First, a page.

The North American Kant Society is pleased to announce the third annual Wilfrid Sellars Essay Prize competition.  Open to recent PhDs and junior (non-tenured) faculty who are 40 years of age or younger and members of NAKS in good standing, this prize will be awarded for the best essay on any topic that demonstrates the continued relevance of Kant’s philosophy. Essays must be previously unpublished (work under consideration or forthcoming will be considered), and cannot exceed 8,000 words in length (including notes).

    The Sellars Essay Prize is the natural continuation of the existing Marcus Herz Prize, which is awarded to the best graduate student submission to the NAKS study groups. Our intention is to help promote original Kantian or Kant-inspired philosophical work of scholars in the early stages of their careers. Submissions will be blind-reviewed and judged by members of a review committee drawn from the NAKS Executive and Advisory Boards. The deadline for submitting is January 15, 2015.

    Please send entries electronically to: Robert Louden (  and Pablo Muchnik (  Entries should be submitted in Word format and state the word count at the end. Submissions must be accompanied by a cover letter containing a three-part declaration stating that: (i) the essay has not been published by January 15, 2014, (ii) the author already has a PhD in hand, is 40 years of age or younger, and an untenured scholar, and (iii) the author is a member of NAKS in good standing. The winner will be announced on June 15 and will receive a prize of $500.  The Award Committee reserves the right not to award a prize, if in its judgment none is warranted
    • 21 Sep 2015
    • 25 Sep 2015
    • University of Vienna


    September 21 -25, 2015

    The 12th International Kant Congress in Vienna is dedicated to the antagonism of nature and freedom, which was not only highly topical in Kant’s times, but also in contemporary discussions. More uncertain than during the Enlightenment in the 18th century is the question to which extent humankind is not only ruled by nature, but whether it is nature itself and to which extent man acts in freedom. The resources of the Kantian thinking are offering significant potential for contemporary interdisciplinary discussions connecting philosophy with natural sciences, medicine, neurology and psychology, law and social sciences. The focus of the Kant Congress 2015 in Vienna is on these issues. Moreover, there are three key topics connected to Vienna: Kant and the Vienna Circle, Kant and phenomenology as well as Kant and his poets. Moreover, in the manifold sections of the congress, the wide range of topics in Kant’s philosophy is taken into account.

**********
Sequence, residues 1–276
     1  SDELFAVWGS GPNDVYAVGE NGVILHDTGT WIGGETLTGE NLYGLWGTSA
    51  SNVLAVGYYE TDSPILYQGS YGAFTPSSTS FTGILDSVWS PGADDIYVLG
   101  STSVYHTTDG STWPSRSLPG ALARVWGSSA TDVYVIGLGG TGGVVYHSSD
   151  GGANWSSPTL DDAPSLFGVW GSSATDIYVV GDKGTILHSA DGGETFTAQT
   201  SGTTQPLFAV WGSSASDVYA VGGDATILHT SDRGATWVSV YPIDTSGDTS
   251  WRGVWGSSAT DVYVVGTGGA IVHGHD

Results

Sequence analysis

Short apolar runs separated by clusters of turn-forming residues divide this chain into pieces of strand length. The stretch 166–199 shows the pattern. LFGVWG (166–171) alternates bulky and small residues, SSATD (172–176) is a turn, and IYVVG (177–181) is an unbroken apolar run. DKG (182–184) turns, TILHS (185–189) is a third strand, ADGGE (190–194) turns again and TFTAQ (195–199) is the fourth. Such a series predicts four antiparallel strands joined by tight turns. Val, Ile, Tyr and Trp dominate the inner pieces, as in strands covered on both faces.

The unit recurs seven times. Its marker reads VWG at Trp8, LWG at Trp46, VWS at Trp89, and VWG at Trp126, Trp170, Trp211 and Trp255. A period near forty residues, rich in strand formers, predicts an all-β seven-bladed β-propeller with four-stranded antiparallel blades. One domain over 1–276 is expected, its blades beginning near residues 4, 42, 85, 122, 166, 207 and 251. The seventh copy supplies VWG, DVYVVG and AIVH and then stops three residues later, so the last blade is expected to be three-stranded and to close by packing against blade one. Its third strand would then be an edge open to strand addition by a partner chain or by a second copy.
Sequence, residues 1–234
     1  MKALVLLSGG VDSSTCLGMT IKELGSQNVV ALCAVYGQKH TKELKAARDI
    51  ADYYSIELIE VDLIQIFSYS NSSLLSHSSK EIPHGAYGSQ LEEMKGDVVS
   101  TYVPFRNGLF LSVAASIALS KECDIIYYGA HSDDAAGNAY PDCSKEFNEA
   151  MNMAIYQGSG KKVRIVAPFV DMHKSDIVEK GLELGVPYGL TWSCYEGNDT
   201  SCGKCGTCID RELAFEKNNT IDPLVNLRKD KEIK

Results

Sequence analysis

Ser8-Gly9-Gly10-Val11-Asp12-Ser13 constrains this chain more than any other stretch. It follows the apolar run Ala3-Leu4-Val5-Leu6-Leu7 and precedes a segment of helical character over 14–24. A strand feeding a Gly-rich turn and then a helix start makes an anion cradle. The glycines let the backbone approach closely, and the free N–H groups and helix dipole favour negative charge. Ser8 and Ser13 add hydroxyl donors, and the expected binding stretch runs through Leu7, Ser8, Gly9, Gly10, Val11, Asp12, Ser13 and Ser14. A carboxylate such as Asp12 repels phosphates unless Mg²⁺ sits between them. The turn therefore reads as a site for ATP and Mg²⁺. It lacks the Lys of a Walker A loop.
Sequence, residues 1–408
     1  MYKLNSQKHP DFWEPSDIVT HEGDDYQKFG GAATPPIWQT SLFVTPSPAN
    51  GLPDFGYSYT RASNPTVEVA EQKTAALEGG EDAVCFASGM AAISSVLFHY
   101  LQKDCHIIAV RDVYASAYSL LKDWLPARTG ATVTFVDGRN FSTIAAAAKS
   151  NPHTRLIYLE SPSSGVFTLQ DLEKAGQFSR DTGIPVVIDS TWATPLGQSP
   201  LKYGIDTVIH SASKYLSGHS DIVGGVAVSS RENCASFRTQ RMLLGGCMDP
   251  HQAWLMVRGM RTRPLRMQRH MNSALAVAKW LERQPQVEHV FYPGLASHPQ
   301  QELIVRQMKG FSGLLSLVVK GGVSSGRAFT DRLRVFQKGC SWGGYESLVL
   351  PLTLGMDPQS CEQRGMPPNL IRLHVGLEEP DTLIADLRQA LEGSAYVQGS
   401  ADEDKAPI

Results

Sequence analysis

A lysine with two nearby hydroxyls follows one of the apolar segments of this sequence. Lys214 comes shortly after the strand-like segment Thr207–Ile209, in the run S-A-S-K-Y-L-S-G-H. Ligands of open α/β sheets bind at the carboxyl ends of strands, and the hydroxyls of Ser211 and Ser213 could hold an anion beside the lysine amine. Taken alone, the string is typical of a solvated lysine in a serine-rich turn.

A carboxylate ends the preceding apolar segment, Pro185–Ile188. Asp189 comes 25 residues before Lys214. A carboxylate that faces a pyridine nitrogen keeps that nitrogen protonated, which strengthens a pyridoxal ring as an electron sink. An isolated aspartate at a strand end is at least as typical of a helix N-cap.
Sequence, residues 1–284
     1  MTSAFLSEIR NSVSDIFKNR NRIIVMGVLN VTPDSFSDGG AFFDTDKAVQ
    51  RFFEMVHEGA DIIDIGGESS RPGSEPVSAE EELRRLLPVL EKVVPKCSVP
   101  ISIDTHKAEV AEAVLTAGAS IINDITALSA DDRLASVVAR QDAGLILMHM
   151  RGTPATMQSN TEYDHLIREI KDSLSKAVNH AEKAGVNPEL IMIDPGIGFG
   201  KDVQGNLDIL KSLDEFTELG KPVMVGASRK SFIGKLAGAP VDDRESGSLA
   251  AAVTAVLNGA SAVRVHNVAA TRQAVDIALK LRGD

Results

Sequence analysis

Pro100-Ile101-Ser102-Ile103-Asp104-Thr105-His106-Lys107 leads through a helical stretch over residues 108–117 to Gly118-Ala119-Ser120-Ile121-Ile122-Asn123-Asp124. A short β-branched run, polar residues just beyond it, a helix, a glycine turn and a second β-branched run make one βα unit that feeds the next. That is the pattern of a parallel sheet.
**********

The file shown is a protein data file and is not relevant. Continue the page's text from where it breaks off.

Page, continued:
The official languages of the congress are German, English and French.


    • Kant’s Pre-Critical Philosophy
    • Epistemology and Logics
    • History of Science and Nature
    • Teleology
    • Ethics and Moral Philosophy
    • Philosophy of Law and Justice
    • Philosophy of Politics, History and Culture
    • Anthropology and Psychology
    • Religion and Theology
    • Aesthetics
    •  Kant and Pre-Critical Rationalism and Empiricism
    • Kant and his Poets
    •  Kant and German Idealism
    • Kant and the Vienna Circle
    • Kant and Phenomenology
    • Kant and Neo-Kantianism
    • Kant and Eastern Europe
    • Kant and the Traditional Asian Philosophy
    • Kant in Schools
    • Kant in the Present Time

    Registration and submission of papers:

    Submission dates: January 1 – September 15, 2014.

    Please submit a full paper, consisting of max. 8 pages (= 20.000 characters, spaces included) as well as an abstract consisting of ½ page (= 1.000 characters, spaces included) and identify the section your paper refers to clearly. Presentations should not exceed 25 minutes. Papers must be suitable for anonymous review.  Please refrain from making references to your own work or anything obvious that could reveal your identity. Authors will be notified of the review outcome not later than March 1, 2015. Participation in the congress is also possible without a paper.

© 2009 North American Kant Society. All Rights Reserved.
Powered by Wild Apricot Membership Software